May 18, 2010 / 5:06 PM / 8 years ago

PREVIEW-Immigration, drugs dominate Mexico leader's US visit

* Calderon says immigration on agenda at U.S. state visit

* Rising drug violence on U.S.-Mexico border key issue

* Mexico says U.S. should reduce drug consumption

By Mica Rosenberg

MEXICO CITY, May 18 (Reuters) - Mexican President Felipe Calderon will challenge Arizona’s crackdown on illegal immigrants when he meets U.S. President Barack Obama this week to discuss problems like surging drug violence along the shared border.

Calderon will be only the second foreign leader, after India’s prime minister last November, to be received at the Obama White House with a state dinner, building on ties forged during Obama’s two official visits to Mexico.

Trade between the two countries surpasses $1 billion dollars a day, with Mexico sending more than 80 percent of its exports to the United States. The U.S. government is funneling hundreds of millions of dollars in aid to help Mexico equip its security forces to fight powerful drug cartels.

Yet Arizona’s new law to tackle illegal immigration, called "discriminatory" and "backward" by Calderon, has strained a bilateral relationship marked by regular ups and downs.

"We are bringing our protest to the United States government, during my state visit and in front of the U.S. Congress," Calderon told Reuters in an interview last week, ahead of his meeting with Obama on Wednesday.

The new Arizona law, which comes into force in July, will require police to check the immigration status of people they suspect are in the country illegally.

Calderon’s government has issued a travel warning for the state, signaling Mexicans citizens could be harassed by law enforcement officials there.

Obama has vowed to tackle comprehensive immigration reform. A major overhaul looks unlikely this year as Washington has been bogged down with health care and financial regulation, but the Arizona crackdown has turned attention back to the issue.

"Immigration has exploded back onto the agenda. I don’t think, in the context of planning the state visit, that was anticipated," said Eric Farnsworth, vice president at the Council of the Americas in Washington.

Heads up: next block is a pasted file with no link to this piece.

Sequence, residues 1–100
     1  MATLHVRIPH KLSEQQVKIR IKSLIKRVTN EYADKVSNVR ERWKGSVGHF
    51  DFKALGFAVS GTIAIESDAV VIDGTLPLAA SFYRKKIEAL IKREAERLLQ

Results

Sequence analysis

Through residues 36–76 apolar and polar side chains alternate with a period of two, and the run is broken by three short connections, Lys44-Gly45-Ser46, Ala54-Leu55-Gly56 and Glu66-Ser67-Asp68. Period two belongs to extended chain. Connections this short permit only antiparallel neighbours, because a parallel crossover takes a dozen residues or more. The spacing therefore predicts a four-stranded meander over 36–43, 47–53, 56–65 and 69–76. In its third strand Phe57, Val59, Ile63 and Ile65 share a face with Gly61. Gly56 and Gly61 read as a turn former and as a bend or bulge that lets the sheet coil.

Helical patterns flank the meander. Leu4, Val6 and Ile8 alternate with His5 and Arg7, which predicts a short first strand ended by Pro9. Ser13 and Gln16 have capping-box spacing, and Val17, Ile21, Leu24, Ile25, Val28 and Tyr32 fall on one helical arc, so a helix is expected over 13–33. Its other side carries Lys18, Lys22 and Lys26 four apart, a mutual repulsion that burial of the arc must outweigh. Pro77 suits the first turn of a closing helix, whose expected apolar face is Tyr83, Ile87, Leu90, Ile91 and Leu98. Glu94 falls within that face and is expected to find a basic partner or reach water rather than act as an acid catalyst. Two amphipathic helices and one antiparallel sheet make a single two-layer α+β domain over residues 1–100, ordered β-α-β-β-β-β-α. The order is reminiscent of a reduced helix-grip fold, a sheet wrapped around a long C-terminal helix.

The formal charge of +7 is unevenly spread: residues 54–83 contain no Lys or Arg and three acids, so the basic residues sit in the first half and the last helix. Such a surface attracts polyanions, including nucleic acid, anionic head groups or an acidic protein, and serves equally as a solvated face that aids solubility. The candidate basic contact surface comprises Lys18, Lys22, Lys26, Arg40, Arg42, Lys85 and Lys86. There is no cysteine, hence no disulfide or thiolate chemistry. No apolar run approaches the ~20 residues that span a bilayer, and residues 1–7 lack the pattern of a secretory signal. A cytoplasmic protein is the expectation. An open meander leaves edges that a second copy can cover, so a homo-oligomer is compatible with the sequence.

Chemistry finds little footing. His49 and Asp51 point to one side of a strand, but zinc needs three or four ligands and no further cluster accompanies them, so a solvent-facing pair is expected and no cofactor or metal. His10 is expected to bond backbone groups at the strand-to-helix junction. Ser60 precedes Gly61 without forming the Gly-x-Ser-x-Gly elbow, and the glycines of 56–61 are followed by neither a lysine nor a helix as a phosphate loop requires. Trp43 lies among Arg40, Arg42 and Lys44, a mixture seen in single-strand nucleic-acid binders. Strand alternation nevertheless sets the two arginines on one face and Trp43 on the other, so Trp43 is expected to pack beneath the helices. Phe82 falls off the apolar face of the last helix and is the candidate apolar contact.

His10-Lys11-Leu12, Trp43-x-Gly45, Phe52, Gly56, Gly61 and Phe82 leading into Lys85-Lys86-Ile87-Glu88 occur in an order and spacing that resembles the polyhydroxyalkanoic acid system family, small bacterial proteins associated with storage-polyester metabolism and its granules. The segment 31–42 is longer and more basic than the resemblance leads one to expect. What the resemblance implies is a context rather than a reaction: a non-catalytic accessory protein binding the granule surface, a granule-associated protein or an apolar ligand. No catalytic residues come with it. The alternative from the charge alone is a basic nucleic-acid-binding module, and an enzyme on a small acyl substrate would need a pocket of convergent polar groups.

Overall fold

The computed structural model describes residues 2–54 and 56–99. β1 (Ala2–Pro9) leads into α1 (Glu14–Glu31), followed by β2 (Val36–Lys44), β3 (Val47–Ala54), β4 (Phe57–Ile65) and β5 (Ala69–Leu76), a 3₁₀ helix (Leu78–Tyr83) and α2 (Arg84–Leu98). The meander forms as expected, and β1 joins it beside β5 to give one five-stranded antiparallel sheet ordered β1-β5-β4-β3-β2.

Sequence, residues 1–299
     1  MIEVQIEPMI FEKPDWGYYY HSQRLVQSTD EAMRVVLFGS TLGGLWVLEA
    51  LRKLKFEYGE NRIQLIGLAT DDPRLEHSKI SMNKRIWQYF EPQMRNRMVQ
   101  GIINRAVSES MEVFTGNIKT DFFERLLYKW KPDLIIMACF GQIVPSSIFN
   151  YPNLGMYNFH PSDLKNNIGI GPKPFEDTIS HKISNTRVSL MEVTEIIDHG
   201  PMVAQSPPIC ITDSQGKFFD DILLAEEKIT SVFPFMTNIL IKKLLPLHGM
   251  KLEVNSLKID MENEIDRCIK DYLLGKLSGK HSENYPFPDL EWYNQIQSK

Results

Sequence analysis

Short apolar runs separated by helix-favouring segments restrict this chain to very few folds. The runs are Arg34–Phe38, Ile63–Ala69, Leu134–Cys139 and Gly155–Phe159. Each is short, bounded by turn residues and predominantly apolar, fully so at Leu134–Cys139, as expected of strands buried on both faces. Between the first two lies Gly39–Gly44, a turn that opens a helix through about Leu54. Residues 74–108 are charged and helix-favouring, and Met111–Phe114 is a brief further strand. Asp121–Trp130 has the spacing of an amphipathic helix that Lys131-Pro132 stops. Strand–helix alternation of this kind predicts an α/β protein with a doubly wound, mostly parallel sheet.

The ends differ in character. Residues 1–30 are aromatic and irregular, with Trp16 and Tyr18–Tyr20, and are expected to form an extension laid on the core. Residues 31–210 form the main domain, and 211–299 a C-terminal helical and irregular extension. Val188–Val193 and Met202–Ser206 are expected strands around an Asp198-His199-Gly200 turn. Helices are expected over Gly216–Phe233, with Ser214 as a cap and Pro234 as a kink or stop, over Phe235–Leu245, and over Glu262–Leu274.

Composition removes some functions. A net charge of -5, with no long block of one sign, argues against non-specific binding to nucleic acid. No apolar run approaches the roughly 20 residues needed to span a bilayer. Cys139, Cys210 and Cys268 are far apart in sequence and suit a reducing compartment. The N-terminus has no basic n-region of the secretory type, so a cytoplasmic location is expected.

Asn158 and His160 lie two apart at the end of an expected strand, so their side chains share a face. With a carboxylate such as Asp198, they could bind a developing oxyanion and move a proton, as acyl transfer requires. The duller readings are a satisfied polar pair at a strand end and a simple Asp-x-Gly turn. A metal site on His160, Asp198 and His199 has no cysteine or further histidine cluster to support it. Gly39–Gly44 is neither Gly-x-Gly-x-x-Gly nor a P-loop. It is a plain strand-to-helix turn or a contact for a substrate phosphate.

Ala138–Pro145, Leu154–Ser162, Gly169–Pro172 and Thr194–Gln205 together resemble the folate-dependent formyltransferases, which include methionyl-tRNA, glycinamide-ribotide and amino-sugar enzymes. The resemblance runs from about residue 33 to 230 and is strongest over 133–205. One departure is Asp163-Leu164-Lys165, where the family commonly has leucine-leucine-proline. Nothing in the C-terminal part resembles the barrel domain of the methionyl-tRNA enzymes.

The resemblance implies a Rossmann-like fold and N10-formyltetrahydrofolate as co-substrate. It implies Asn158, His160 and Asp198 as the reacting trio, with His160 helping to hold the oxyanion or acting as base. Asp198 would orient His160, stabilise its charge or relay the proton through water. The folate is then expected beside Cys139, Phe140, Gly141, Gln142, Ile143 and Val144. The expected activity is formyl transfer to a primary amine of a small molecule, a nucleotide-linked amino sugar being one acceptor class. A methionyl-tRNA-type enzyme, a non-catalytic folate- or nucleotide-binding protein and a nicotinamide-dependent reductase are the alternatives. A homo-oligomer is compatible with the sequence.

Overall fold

"Both governments at the national level agree that (the Arizona law) is not the right approach. You’re going to have both presidents stand shoulder to shoulder talking about the need to address immigration," he said. ^^^^^^^^^^^^^^^^^^^^^^^^^^^^^^^^^^^^^^^^^^^^^^^^^^^^^^^^^^^^ For FACTBOX on U.S.-Mexico relations: [ID:nN18173770] For a TAKE A LOOK on U.S.-Mexico relations: [ID:nN14146572] ^^^^^^^^^^^^^^^^^^^^^^^^^^^^^^^^^^^^^^^^^^^^^^^^^^^^^^^^^^^^>


Obama and Calderon will also discuss cooperation to crush drug gangs whose escalating turf wars and battles with federal forces in Mexico have killed some 23,000 people since Calderon took office in Dec. 2006 and launched an army offensive.

The apparent abduction on Friday of a prominent ruling party politician and former presidential candidate has alarmed Mexico, with many reading it as an ominous sign drug cartels or other organized crime groups may be targeting the government.

The spiraling violence worries foreign investors and makes some tourists nervous about visiting Mexico, and drug-related abductions have spilled over to the U.S. side of the border.

Most of a $1.4 billion aid package for drug-fighting gear pledged by the U.S. government in 2007 has been slow to arrive, but the State Department told Reuters recently that three Black Hawk helicopters will be delivered in October. [ID:nN06127283]

The United States is also trying to stop the southbound flow of cash and guns that end up in the hands of drug hitmen, said Daniel Restrepo, Obama’s top advisor on Latin America.

Calderon recently praised Obama’s efforts to curb drug consumption in the United States, the No. 1 market for illegal drugs like Colombian cocaine smuggled north via Mexico.

Restrepo said climate change and trade issues will also be on the agenda for Wednesday’s meeting.

Mexico is waiting for the United States to unveil a plan to let Mexican trucks circulate again on U.S. roads, which could end a dispute that prompted Mexico last year to slap duties on $2.4 billion worth of U.S. goods. (Additional reporting by Patricia Zengerle in Washington; Editing by Kieran Murray)

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